thickly padded under the heel. So just to talk more specifically about why
heel strike runners need very thick under-heel padding is that one consistent consequence
of heel strike running is it produces a specific impact force called the ‘spontaneous impact
transient peak’ which is produced at heel strike. Why does this heel strike running-specific
force get produced in the first place? It gets produced at heel strike during running
because the weight of the body is often far behind the initial foot strike position, so
there’s a large distance separation between initial foot strike position at heel strike
and the upper body. This distance separation between the upper
body, or the body weight and initial foot strike position at the heel ends up generating
a prolonged, more intensive brake or deceleration force because the weight of the body comes
to a dead stop for a longer period of time as compared with a forefoot strike landing
when running which i’ll talk more about in just a moment. Related research has also found that heel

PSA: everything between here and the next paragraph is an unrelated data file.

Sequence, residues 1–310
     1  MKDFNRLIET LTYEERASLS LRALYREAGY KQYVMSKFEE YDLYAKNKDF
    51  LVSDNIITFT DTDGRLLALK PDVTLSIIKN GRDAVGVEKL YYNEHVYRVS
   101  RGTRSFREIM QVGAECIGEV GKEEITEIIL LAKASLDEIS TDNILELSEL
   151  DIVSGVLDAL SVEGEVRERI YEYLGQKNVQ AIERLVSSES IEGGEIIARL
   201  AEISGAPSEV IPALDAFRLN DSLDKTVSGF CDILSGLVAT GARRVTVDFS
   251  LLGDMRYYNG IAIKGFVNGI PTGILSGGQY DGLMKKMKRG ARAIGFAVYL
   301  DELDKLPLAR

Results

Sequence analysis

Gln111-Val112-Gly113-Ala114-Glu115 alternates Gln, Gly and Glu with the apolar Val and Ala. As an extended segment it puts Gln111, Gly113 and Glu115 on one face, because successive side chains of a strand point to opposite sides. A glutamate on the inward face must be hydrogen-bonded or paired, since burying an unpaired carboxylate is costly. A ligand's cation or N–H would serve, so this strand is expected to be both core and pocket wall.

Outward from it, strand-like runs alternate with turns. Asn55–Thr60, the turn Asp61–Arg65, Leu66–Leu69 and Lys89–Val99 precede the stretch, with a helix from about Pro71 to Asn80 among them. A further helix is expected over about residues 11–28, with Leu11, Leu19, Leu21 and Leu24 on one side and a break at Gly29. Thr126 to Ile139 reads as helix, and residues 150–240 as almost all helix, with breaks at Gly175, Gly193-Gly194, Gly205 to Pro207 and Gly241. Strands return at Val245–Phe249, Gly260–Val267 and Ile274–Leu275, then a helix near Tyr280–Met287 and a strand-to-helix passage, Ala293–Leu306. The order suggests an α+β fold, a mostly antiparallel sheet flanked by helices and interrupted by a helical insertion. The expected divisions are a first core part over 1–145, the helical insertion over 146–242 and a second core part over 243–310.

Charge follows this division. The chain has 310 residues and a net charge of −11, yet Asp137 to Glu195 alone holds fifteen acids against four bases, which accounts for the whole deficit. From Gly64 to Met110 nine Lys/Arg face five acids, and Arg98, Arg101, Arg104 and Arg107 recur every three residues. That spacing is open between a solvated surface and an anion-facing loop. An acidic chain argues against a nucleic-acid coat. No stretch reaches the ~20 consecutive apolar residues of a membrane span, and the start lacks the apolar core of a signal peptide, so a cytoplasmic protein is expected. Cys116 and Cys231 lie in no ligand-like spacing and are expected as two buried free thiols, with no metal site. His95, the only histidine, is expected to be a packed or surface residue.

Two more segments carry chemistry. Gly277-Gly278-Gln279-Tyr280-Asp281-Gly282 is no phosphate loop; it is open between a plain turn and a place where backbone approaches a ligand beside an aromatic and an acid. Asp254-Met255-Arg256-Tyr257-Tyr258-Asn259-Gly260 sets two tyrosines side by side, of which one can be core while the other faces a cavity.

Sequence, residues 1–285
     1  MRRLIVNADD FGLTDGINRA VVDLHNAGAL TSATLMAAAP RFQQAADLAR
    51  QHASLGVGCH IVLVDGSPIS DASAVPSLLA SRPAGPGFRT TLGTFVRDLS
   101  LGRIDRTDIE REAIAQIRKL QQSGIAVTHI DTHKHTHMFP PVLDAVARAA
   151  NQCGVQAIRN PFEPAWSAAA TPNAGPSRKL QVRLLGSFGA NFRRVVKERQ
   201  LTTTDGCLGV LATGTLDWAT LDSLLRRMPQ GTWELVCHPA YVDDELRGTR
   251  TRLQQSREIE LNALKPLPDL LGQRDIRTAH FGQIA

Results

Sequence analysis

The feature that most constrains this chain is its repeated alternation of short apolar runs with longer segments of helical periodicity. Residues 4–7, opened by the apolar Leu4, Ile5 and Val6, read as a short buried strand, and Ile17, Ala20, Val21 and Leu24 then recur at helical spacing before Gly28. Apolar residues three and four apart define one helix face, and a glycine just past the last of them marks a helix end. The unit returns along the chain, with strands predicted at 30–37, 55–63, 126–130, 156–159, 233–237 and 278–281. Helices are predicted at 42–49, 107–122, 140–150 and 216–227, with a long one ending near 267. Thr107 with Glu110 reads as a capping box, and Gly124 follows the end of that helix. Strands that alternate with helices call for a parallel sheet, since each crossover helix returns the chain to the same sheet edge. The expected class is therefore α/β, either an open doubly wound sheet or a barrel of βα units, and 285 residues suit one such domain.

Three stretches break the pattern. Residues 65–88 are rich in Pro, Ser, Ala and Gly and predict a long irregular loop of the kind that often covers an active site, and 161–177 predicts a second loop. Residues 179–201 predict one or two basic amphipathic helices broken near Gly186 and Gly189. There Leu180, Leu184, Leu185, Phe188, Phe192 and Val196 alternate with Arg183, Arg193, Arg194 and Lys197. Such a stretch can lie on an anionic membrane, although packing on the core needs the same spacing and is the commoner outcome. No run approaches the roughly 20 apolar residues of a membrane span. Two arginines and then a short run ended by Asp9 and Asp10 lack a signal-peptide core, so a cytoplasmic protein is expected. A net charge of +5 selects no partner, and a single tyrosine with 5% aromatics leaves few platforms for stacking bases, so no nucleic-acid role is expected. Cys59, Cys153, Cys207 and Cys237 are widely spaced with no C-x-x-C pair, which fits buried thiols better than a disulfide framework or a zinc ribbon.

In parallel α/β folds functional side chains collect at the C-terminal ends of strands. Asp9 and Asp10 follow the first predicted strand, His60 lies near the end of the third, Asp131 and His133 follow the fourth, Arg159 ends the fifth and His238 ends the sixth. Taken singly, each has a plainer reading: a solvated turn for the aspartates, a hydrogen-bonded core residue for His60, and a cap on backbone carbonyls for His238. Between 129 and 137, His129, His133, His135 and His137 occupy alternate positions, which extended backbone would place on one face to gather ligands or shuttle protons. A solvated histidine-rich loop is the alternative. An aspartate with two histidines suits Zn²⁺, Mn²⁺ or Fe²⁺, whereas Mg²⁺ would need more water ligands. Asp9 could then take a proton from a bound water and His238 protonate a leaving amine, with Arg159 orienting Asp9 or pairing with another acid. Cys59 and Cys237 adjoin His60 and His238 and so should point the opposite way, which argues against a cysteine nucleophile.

strike running also produces other impact variables in excess, such as tibial, or shin,
accelerations and tibial shock which are leading causes of shin fracture as compared with forefoot
running which does not produce a spontaneous impact transient peak and tibial accelerations
and tibial shock are significantly lower. As I was saying, as a result of all these
net forces coupled with an increased risk of foot overpronation, it’s been said that
thickly cushioned, motion control stability running can play a crucial role in helping
heel strike runners avoid injuries. However, there are a lot of evidence against
this. For instance, a 2006 study published in the
American Journal of Sports Medicine found that heavily cushioned, stability running
shoes did not reduce tibial acceleration and tibial shock in heel strike runners. Results from a 2019 study in the Journal of
Physics also revealed that increased underfoot cushioning via insoles did not reduce the
spontaneous impact transient force in heel strike runners, rather the insoles significantly
increased this force and push-off peak forces as well! These results are in line with additional